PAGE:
In attempting to design dSSP that better serve CYPD from underserved communities, the Diversity in Diabetes study is using the principles of engagement and co-design to create a bespoke programme of support, more sensitive to the needs and preferences of CYPD in the target populations (i.e. those from the two most deprived quintiles defined by the Index of Multiple Deprivation or from ethnically minoritized groups) and their families [34, 35]. To inform the co-production process, it is important to establish the latest evidence in designing culturally and socially sensitive dSSP. This narrative review provides a concise yet comprehensive summary of current knowledge and best practice in the composition, structure, and delivery of dSSP, and of the contextual factors that need to be accommodated in their design and implementation. It concludes by reflecting on the implications for creating and sustaining dSSP that are practical and appropriate for underserved communities in the UK.
The work consists of an integrative review of research conducted in populations with diabetes to determine the knowledge and ideas established in the design and implementation of dSSP for individuals from underserved communities [40, 41]. Our intention was not to identify every piece of work that has been conducted around dSSP for underserved populations, but to follow best practice in conducting integrative evidence reviews, summarizing the empirical and theoretical literature illustrated by recent and relevant examples to map the design principles currently being utilised within four key domains: These were informed by the existing self-management literature [9,10,11,12] and were selected and defined by the authors to enable an original and holistic description of the factors contributing to the design of a dSSP, which consisted of: (1) Composition of the written and digital materials including sentence structure and format and the use of images and graphics; (2) Structure, describing various elements in how the programme is delivered for example the number of individual or groups sessions, the location and duration of the SSP; (3) Facilitators referring to the identity and role of those delivering the SSP; and (4) Context which describes how the design of SSP accommodates social, cultural and health system influences. These are further described in Table 1.
Where available, we report their impact on key diabetes related outcomes and consider the overall implications for the design of the next generation of SSP. Study eligibility criteria were established using the Population, Intervention, Comparison, Outcome, and Study design (PICO) framework  (see Table 2) and we have described our search in accordance with the Preferred Reporting Items for Systematic Reviews and Meta-Analyses (PRISMA) checklist .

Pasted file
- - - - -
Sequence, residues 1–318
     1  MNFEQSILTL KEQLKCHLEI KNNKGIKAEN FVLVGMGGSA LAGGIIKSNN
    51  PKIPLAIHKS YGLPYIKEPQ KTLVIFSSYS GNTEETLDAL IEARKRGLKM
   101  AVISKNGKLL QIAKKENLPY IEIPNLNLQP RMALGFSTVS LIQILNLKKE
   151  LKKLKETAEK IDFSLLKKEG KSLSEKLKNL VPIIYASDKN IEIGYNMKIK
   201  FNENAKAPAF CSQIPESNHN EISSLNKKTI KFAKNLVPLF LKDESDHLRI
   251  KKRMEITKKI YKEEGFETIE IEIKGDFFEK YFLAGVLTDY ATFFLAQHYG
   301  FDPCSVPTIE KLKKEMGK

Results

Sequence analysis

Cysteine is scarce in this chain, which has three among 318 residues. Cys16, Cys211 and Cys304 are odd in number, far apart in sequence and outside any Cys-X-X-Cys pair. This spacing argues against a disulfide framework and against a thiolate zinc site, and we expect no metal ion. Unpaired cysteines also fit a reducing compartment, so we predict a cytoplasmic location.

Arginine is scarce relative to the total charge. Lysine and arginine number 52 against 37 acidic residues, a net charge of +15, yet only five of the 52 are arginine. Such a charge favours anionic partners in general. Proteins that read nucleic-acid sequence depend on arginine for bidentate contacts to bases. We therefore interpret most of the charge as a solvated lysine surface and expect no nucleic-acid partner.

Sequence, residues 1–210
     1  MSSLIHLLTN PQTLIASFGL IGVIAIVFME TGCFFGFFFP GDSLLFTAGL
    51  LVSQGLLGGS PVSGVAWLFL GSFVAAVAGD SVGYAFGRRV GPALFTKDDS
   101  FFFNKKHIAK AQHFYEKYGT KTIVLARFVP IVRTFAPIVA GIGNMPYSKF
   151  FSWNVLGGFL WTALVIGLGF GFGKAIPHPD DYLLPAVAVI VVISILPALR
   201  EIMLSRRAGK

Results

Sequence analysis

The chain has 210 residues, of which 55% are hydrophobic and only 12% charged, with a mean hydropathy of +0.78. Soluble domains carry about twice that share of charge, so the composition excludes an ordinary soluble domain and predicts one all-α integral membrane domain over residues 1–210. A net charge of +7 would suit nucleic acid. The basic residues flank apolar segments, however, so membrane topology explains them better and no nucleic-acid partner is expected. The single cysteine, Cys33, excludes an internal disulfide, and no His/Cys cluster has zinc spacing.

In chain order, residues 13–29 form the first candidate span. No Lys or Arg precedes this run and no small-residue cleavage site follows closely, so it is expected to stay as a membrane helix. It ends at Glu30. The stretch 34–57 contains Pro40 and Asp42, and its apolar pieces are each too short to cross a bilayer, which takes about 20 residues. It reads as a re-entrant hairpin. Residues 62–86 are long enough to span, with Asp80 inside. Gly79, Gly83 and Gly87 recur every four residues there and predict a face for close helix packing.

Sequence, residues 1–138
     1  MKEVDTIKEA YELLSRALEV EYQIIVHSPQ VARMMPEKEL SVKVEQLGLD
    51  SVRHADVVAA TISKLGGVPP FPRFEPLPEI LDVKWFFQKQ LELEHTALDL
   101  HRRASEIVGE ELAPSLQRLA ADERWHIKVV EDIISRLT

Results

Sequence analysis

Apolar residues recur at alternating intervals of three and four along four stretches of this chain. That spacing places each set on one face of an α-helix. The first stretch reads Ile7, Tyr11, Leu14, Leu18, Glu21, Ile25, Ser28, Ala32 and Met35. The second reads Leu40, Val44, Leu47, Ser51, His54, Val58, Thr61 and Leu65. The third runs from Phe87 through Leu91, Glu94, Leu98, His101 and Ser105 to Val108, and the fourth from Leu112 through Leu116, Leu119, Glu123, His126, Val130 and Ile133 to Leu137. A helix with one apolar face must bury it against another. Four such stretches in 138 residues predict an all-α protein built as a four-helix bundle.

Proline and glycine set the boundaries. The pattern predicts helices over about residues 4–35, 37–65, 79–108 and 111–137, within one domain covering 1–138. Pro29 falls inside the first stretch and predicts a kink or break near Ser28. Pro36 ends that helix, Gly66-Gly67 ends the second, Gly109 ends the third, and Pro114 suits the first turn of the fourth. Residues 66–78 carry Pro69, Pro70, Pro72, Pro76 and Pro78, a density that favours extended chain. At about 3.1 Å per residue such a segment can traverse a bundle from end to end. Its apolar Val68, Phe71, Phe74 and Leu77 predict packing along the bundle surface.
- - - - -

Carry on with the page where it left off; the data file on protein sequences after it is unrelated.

The literature was searched in December 2022 from 2017 onwards for recent examples on the adaptations to dSSP related to the four considerations of design for underserved populations. This timespan allows us to describe recent research relevant to current models of healthcare delivery. We created a search for one database and adapted it for use in the others. used the following electronic medical databases: The Cochrane Library, MEDLINE, PubMed, CINAHL and EPPI. The inclusion criteria for our review comprised both primary research and a range of systematic reviews, that were peer-reviewed and published in English. The search terms can be found in Supplementary File 1.
Data extraction and synthesis
The data was extracted within the four key design considerations by two authors (IL and SG). First, titles and abstracts were screened independently by IL and SG. The full text were then screened by IL with a second checking. A primarily narrative approach consistent with the recommended analytical method for narrative synthesis was used to summarise the nature and effect of the design elements within the four domains . The criteria for selecting the data we reported were based on their relevance to the design and delivery of future programmes for underserved communities. We extracted data that included (i)programme overview (ii) author and publication date (iii) type of intervention (iv) target population (patient characteristic/condition, i.e., Type 1 or Type 2 Diabetes Mellitus) (v) quality score (vi) summary of effect.
A total of 21 papers describing the dSSP in underserved populations were included in the review. We initially retrieved 744 articles and after duplicates, protocols, or excluding because they were not specific to one of the design considerations or underserved populations were left with 21 examples explored in the review. The PRISMA Flow Diagram is shown in Fig. 2.